Europe and Russia have "mutually complementary economies," which is why sanctions against Moscow are painful for all the states involved, Armando Fernandez Steinko, a sociology professor at Complutense University of Madrid, told Sputnik Mundo.
According to Fernandez Steinko, the restrictive measures negatively affect most EU states, and the Spanish economy, in particular.
"Many small farmers are going under, because the lack of Russian demand has significantly reduced exports; now there is overproduction of fruits. If you ask a Spanish farmer, I wouldn't be surprised if he says that he is against the sanctions," Fernandez Steinko said.
In his opinion, Germany as is another European state that suffers severe losses due to the anti-Russian sanctions; the country is a major exporter whose market is closely connected to the Russian one.
In addition, the researcher noted that energy security is one of the biggest challenges for Europe, which can't be resolved without Russia.
"If you look at the map, it is clear that Russia is a part of Europe," he said.
The sociologist noted that the division between Moscow and the West has emerged as result of a "cold war" promoted by certain media and is opposed by ordinary Europeans.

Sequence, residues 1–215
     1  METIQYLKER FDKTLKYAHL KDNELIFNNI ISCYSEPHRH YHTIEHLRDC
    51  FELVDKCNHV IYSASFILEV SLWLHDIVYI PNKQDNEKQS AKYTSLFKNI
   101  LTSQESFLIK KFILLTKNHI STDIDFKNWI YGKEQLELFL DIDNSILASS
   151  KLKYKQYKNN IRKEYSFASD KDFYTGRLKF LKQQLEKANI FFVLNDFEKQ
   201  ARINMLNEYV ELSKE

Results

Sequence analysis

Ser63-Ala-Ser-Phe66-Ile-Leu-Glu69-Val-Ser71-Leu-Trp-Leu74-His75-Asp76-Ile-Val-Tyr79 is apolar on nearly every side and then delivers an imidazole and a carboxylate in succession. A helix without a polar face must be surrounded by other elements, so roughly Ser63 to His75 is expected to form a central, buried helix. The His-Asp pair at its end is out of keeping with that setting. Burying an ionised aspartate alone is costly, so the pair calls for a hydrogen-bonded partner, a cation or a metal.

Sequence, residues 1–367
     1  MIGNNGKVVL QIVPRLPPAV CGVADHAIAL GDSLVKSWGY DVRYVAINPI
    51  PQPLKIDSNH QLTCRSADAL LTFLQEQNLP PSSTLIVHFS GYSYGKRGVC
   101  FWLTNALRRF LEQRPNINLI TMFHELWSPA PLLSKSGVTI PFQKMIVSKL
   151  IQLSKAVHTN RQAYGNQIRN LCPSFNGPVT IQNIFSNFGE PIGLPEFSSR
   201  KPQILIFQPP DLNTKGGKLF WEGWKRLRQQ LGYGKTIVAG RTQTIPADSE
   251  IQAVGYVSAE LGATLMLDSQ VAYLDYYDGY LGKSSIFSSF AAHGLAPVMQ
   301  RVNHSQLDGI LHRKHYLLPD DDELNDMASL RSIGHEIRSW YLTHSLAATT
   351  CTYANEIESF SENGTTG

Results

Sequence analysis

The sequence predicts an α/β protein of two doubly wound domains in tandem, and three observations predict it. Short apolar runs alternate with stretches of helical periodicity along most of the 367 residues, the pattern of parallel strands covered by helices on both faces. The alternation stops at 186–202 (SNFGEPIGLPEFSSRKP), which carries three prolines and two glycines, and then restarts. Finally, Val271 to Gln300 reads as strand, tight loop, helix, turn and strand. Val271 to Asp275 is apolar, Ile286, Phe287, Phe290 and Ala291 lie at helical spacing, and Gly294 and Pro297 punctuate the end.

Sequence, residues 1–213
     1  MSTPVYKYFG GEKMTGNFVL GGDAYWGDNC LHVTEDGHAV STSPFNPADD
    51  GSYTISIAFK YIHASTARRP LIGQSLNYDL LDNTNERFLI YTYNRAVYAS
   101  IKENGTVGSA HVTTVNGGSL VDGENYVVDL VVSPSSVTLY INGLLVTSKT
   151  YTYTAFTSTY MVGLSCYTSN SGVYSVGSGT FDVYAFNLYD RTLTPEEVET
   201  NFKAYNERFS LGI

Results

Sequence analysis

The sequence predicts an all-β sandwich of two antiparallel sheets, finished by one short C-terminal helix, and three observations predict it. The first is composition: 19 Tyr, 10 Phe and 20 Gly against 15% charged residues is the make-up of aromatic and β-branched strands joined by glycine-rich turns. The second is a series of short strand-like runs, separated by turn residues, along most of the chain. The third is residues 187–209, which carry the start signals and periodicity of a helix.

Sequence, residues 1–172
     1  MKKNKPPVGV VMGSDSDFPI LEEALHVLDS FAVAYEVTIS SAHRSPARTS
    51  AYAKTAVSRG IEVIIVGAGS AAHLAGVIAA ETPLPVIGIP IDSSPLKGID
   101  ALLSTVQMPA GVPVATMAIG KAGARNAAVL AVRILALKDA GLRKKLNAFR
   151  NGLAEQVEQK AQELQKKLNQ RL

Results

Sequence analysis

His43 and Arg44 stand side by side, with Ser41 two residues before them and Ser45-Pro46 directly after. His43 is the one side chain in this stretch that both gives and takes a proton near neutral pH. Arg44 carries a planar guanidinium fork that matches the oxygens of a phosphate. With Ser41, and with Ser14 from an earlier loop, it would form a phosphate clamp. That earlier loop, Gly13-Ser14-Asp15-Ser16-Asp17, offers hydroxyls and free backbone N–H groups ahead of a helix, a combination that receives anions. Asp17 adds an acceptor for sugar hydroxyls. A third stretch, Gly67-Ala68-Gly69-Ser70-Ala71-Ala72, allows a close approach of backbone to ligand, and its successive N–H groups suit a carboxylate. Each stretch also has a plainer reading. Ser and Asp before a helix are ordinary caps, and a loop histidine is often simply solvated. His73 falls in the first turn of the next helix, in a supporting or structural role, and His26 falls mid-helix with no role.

Europeans Want Better Relations With Russia
A survey conducted in late October by Ifop at Sputnik's request revealed that the vast majority of respondents — 87 percent of Germans, 85 percent of Poles, 79 percent of French and 68 percent of Britons — favored improvement in relations between Brussels and Moscow.
"Even Poland and Great Britain, those Western European countries that pursue the strongest anti-Russian stance, are against [the sanctions]," Fernandez Steinko said, commenting on the findings and adding that the conflict between Europe and Russia is "purely political."